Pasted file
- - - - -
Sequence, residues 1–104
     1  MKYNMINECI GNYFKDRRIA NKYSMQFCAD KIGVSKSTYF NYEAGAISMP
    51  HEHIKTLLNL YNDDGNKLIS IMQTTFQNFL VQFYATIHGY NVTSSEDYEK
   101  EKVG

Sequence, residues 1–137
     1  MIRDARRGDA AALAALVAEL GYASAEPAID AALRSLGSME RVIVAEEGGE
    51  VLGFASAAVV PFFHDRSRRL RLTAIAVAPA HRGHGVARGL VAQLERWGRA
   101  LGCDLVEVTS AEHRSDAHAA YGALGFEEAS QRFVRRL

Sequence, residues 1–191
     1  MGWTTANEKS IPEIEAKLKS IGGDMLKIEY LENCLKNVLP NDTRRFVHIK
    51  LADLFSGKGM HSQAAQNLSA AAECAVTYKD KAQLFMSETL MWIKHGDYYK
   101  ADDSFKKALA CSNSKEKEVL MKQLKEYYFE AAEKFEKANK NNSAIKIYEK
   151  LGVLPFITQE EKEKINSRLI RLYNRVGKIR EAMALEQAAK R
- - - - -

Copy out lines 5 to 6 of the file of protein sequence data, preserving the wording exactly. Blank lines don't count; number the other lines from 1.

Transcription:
Sequence, residues 1–137
     1  MIRDARRGDA AALAALVAEL GYASAEPAID AALRSLGSME RVIVAEEGGE